Legislative definitions are those which are created as part of creating the concept being defined.  I agree that creating a concept is diffenent to creating an instance of a new type of already existing concept.  Each ABS deal includes a lot of concepts that were defined previously - in other ABS deals.  However, differences can still arise.  My point is that the degree of care involved in such definitions much be much greater than that of the analyst.  An investment banker can create a Doomsday Machine if he or she puts together a flawed ABS deal.  An analysts can mess up an integration point for a data object, but can usually remedy it after discovering the problem.

So I think we can conclude that the consequences for bad definition work vary depending on what the work in being done for.  In some situations the definitions have to be rock solid from the start.  Other situations may be more forgiving.  Recognizing the risks involved is an important part of definition work.
One final point.  I have illustrated legislative definitions using examples from financial services.  However, I would maintain that the same problems apply to all sectors, e.g telecommunications, pharmaceutical, and government.  The problems will arise in any situation where non-material reality is constructed.

Tuesday, January 3, 2012

How Many Attributes Do I Have?

Characteristics of a concept - its attributes - are central to definitions.  But to what extent should the characteristics of a concept be listed in its definition?  Should it be few, or some, or as many as possible?  As a step in beginning to answer that question, I think that we need to ask if we can reliably determine all the characteristics that a concept possesesses.  And I now intend to see if I can answer that question by finding out if I can list all the attributes that I possess.

I am aware that I am an instance and not a concept (at least a general concept).  However, I would submit that there is a prima facie case that I should be able to provide a list of my attributes.   If such a list could be produced, then we couldn see if the attributes apply to the concept I am an instance of (humans).  We could then move on to figuring out what attributes should or should not be included in a definition.  But, if I cannot even reliably figure out what attributes I have, then I may have difficulties I have not yet recognized in the method I have chosen to get answers to the questions I am posing.

It is easy to start listing out all the physical characteristics I possess: height, weight, eye color, and so on.  I could add some non-material ones too, such as age, and IQ score.  However, from my experience as a data modeler and developer, these seem rather trivial.  I have come across many examples of database tables such as Customer, where I could conceivably be represented by a record.  These tables have columns (representing attributes) for e.g. Customer Lifetime Value, Customer Sales Year to Date, Customer Average Order Size, and so on.  I would guess that every company for which I am a customer maintains such attributes to describe me. 

Actually, I am guessing.  I know I possess a height, weight, eye color, etc, because I know what these attibutes are and I know I possess them.  However, when it comes to a company of which I am a customer, say, Big Box Super Store, it is not so clear.  Specifically: (a) I do not really know what attributes Big Box Super Store considers I have; and (b) I do not know how Big Box Super Store defines each of these attributes.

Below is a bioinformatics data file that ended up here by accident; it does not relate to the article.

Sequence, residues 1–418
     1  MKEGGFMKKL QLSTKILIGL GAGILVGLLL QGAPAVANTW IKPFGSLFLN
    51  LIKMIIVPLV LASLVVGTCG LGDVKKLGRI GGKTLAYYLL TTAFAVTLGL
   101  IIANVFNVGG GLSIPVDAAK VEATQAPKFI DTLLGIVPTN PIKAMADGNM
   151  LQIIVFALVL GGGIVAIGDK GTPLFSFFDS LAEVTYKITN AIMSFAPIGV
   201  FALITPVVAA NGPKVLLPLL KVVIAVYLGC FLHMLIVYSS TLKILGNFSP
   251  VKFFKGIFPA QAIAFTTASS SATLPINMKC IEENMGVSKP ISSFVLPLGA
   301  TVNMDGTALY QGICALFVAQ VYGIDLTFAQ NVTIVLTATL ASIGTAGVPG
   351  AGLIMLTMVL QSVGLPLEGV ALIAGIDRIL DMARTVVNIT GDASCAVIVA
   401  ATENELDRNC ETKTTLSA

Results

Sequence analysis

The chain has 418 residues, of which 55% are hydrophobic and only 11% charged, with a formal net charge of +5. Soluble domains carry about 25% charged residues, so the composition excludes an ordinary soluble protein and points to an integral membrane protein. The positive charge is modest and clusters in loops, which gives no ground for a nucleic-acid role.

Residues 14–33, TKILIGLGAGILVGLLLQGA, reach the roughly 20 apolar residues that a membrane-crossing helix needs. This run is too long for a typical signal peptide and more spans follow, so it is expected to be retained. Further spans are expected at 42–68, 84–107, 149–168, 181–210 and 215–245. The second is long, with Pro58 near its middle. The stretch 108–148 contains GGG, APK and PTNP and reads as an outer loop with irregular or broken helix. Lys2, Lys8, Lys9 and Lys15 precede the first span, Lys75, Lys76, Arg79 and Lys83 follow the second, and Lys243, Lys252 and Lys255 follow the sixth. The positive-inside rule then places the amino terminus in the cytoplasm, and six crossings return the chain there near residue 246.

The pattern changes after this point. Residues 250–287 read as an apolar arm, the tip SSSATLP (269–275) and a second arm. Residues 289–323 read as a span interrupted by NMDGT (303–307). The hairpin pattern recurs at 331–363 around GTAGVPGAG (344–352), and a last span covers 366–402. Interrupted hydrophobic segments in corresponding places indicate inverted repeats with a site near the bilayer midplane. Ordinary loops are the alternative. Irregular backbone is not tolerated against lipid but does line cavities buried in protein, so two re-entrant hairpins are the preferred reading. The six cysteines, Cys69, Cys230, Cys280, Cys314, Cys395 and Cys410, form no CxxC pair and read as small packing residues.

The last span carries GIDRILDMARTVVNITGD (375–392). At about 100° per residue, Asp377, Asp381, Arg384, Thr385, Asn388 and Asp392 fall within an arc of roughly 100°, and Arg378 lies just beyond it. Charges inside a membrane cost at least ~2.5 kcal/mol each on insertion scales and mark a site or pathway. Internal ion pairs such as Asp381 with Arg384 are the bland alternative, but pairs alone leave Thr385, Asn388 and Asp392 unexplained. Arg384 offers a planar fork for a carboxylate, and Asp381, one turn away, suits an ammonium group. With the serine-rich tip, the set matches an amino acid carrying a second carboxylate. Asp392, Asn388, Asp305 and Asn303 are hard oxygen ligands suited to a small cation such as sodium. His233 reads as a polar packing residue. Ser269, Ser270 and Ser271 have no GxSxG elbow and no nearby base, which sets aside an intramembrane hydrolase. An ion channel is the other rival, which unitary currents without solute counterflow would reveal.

Many of the Customer tables I have seen have had hundreds of columns (attributes).  Some have had thousands.  At this scale, even when working with these tables it is difficult to keep track of all the attributes they are representing.  Admittedly, the tables were not always designed well, and included columns that represented attributes that were not truly part of Customer.  But even allowing for this, the scale is still great.  Furthermore, Big Box Super Store is not the only company I buy from.  I probably have a similar relationship with about 50 other companies.  So the total number of attributes I have as a result of these relationships is certainly in the thousands, maybe in the tens of thousands.

It could be argued that many of these attributes are really the same.  Suppose Big Box Super Store calculates Customer Lifetime Value the same way as Hardbitten Liquors (of which I am also a customer).  Then, are we talking about one attribute or two?  As a practical problem, however, I cannot give an answer to this because I do not know how each company is calculating the attribute each calls "Customer Lifetime Value", or how each defines this attribute.

What I strongly suspect is that I carry around with me a vast burden of attributes that companies, government agencies, educational institutions, and other organizations have heaped on me, mainly without my consent, and certainly without my knowing what they are.  Not as many as the grains of sand on the seashore, or stars in the night sky, but enough to wonder at.

So the answer to the question posed in the title is that I cannot reliably say how many attributes I have, but it must be a vast number, and some of them are likely to be outside my range of understanding.  Does this present an issue for definition work?  I think it does.  It suggests some kind of need for scoping.  It also suggests that I appear in different ontologies, and that my definition in each may vary.  But the Muse of Blogging now decrees an end to the current post, so these topics will have to be taken up when Her inspiration returns.